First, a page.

The word star carries some weight. Being a star is usually a good thing. Plus, there’s the baseball All-Star Game and the once-beloved Lockheed L1011 “Tristar.” And, of course, Gene Roddenberry and George Lucas put some polish on the word.
In the car world, there’re the Automobile Magazine All-Stars, the Chrysler Pentastar, and the vaunted Mercedes-Benz Tri-Star logo and hood ornament.
And while there isn’t any sort of central committee monitoring usage of the word star, perhaps there should be. I call your attention to three underachieving vehicles (really just two) that were shamelessly foisted on the American public while brandishing the promising star moniker. All were Fords.
Behold the Aerostar, Windstar, and Freestar. Each vehicle represented a desperate and half-hearted attempt to capture the minivan magic conjured by Chrysler’s original new-age people movers, the wildly popular Dodge Caravan and Plymouth Voyager—and later the Grand Caravan and Chrysler Town & Country. Despite repeated use of the word, these Ford vans were not stars of any stripe.
A day late and a dollar short, the Aerostar arrived in Ford stores two years after the Caravan and Voyager did. It looked as if it had been cobbled together quickly from pickup-truck parts—which, in fact, it was. In hurried response to the Chrysler vans, which were selling like iced Zinfandel at a Yanni concert, Ford rushed the Aerostar into production as quickly as possible using readily available chassis and drivetrain bits from the Ranger compact pickup. The bad news was that the Aerostar sat awkwardly high and suffered from a too-snug cabin. The Ranger’s rear-drive architecture did lend one selling feature to the ’Star that the competition couldn’t match: available all-wheel drive.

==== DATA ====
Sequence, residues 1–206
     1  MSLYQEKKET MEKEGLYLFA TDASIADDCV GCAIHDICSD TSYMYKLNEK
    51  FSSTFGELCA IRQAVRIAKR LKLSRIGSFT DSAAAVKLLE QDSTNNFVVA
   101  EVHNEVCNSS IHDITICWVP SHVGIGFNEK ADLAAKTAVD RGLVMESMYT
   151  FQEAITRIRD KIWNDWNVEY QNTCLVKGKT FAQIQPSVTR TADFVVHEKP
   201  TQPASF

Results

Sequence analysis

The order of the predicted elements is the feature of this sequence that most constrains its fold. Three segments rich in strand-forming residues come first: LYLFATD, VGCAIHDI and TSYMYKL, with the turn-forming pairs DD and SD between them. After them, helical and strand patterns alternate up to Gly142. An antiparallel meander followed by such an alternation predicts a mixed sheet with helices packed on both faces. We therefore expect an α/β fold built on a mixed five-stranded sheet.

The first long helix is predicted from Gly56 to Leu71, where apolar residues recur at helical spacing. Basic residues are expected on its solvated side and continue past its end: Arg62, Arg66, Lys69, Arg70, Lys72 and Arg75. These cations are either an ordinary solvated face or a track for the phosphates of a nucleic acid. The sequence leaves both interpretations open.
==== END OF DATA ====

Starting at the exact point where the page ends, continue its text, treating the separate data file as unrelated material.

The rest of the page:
It took Ford all of a decade to match the Chrysler vans’ front-drive layout and cabin space. Sadly, despite the clean-sheet approach, the Windstar never caught on with the buying public. Here at Consumer Guide, we kvetched that this ’Star was noisy on the highway, was thirsty for the class, and suffered from a too-complicated control layout. Note that for a couple of years, Ford shoppers could choose to go with either the Windstar or the (horribly dated) Aerostar.
This actually happened: Sometime around mid-decade, someone at Ford decided that all Fords should bear model names that begin with the letter F. Really. And while we’re cool with names like Fusion and Five Hundred, we’re guessing no one ever really kept the Freestar and Freestyle straight. For the record, the Freestar was a minivan; the Freestyle was a Five Hundred wagon parading, vaguely, as a crossover. Also for the record, the Freestar was pretty lame, while the Freestyle, though a sales dud, was actually a really nice car.